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Geoengineering, a once-taboo concept that was thought of as a last-ditch approach, is starting to enter mainstream discussions about how to counter the threat of global climate change.

In “Engineering a Cooler Earth,” a daylong symposium at MIT last fall, more than a dozen researchers described potential benefits and pitfalls of massive projects to remove greenhouse gases from the atmosphere or offset the warming they cause. Possible approaches include pulling carbon dioxide right out of the air or blocking some percentage of incoming sunlight to reduce temperatures.

While most of the talks dealt with the technical issues, Judith Layzer, an associate professor of environmental policy, outlined the social and political obstacles the world faces in trying to change deeply entrenched habits, systems, and interests.

“There’s a fundamental disagreement over whether the risks of geoengineering exceed the risks of climate change,” Layzer said. Virtually all the symposium’s presenters agreed that methods based on reducing sunlight, such as injecting huge amounts of sulfur into the upper atmosphere to mimic the cooling effects of volcanic eruptions, are too risky. (The sulfur approach would require an essentially permanent commitment to releasing two volcanoes’ worth of the material into the stratosphere every year; stopping could cause global temperatures to rise even faster than they would with no intervention.) But schemes to remove carbon, whether by enhancing natural biological processes or by developing technological substitutes such as “artificial trees,” are worth researching.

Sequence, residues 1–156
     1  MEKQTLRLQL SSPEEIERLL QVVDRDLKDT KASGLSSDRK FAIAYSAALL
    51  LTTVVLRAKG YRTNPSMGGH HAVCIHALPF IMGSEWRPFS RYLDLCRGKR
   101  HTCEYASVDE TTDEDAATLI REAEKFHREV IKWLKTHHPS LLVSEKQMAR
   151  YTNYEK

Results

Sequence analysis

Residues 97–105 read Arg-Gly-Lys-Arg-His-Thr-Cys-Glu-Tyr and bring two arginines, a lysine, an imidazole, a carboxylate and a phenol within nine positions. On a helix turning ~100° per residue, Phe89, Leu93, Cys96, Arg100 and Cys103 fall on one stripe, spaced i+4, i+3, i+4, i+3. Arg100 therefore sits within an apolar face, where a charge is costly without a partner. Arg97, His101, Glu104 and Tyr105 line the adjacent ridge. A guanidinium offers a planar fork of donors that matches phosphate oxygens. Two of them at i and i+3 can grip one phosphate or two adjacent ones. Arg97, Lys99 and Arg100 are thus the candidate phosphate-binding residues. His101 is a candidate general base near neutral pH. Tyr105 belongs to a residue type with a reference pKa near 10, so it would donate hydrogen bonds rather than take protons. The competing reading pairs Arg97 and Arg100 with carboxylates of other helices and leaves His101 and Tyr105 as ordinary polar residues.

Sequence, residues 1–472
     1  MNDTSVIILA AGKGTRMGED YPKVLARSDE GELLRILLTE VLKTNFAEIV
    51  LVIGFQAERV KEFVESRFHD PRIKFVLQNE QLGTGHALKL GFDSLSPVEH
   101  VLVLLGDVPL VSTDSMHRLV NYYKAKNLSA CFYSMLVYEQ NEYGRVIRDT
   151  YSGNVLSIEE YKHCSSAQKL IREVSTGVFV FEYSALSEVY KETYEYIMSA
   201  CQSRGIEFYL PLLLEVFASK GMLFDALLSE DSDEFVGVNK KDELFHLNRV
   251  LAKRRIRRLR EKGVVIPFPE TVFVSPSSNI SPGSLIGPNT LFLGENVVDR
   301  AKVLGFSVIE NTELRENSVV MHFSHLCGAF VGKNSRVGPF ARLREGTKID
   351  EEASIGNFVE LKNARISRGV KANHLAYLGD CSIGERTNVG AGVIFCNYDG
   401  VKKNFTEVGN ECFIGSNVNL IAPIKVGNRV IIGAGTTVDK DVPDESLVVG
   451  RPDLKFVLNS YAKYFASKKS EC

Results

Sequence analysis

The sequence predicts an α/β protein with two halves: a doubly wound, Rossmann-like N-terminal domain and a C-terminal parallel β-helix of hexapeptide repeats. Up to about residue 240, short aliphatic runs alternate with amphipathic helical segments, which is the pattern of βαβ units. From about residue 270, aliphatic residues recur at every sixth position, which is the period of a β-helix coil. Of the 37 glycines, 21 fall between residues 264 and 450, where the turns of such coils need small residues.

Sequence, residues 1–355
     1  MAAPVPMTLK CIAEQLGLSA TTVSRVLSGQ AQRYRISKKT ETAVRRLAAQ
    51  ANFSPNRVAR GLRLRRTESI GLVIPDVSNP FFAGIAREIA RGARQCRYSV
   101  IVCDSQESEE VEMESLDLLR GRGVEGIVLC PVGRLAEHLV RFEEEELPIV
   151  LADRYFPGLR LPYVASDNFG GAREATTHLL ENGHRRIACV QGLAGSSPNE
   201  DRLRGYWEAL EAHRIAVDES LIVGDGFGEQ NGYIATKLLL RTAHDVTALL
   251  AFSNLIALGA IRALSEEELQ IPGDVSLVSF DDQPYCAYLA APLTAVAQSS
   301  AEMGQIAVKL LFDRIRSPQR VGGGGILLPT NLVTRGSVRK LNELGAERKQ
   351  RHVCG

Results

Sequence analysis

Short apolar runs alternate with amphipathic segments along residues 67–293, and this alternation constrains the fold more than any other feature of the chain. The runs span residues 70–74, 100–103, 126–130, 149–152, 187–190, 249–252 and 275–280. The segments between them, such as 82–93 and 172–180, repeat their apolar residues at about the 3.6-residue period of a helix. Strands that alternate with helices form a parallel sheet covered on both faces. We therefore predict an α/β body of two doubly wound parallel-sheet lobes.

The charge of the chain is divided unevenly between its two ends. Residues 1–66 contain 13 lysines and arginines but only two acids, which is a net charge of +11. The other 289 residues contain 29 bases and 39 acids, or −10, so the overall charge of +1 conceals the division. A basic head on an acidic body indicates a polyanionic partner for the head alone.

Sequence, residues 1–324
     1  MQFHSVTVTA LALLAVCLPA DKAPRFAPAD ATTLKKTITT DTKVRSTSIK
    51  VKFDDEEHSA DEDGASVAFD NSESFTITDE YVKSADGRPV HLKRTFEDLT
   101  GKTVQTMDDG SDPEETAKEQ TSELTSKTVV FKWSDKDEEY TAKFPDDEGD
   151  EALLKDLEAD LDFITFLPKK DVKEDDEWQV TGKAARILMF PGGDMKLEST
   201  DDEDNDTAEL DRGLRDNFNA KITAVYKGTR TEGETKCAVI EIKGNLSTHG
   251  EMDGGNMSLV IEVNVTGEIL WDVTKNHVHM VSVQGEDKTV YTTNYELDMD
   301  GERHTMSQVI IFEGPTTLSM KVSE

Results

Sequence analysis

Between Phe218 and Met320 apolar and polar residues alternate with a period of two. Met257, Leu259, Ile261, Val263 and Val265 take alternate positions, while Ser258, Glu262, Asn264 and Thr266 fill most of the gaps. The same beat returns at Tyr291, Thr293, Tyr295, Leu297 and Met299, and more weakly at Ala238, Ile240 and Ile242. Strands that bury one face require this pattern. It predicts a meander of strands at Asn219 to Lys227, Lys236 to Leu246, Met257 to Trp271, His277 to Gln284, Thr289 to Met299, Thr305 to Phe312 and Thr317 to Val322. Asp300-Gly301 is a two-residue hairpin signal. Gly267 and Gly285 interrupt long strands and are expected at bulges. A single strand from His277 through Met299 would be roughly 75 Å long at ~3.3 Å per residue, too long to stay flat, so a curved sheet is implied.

Layzer, like most of the symposium’s speakers, framed geoengineering as something that might turn out to be necessary if other measures don’t take effect in time, or if climate change turns out to be happening faster than expected. In short, she said, it’s something that should be studied just in case.

Increasingly, she said, big businesses that for many years were pressuring leaders to delay action on controlling carbon emissions now see a clean-energy future as an opportunity. They have “changed the image, from sacrifice to business gains.”

Nobody thinks mitigating climate change will be easy. Layzer pointed out that any such efforts involve going up against the fossil-fuel industry, which she calls “the biggest industry in the history of mankind.” But “the political momentum does seem to be real,” she said, “and the collapse of coalitions that have opposed it is the best evidence of that.”

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